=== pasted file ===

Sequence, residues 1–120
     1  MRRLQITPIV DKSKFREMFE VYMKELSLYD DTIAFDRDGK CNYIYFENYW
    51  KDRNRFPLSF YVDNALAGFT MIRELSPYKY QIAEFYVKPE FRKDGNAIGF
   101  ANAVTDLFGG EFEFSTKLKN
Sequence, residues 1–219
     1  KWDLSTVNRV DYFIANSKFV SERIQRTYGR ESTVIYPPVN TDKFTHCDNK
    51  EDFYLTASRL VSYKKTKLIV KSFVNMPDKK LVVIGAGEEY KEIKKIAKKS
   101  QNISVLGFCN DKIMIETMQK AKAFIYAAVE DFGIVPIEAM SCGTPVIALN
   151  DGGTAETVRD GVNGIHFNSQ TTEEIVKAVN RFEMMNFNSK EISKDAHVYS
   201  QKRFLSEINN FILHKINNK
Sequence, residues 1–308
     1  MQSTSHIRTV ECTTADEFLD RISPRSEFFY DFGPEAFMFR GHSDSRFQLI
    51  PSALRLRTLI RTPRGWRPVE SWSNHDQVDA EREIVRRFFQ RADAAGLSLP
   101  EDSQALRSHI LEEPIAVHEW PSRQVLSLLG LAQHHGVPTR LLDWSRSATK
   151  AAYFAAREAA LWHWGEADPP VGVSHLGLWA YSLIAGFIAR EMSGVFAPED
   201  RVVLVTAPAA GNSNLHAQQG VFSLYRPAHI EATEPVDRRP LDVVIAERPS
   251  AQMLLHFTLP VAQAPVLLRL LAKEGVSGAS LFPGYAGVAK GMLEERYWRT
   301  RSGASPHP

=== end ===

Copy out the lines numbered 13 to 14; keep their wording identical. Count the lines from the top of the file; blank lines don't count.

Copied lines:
    51  PSALRLRTLI RTPRGWRPVE SWSNHDQVDA EREIVRRFFQ RADAAGLSLP
   101  EDSQALRSHI LEEPIAVHEW PSRQVLSLLG LAQHHGVPTR LLDWSRSATK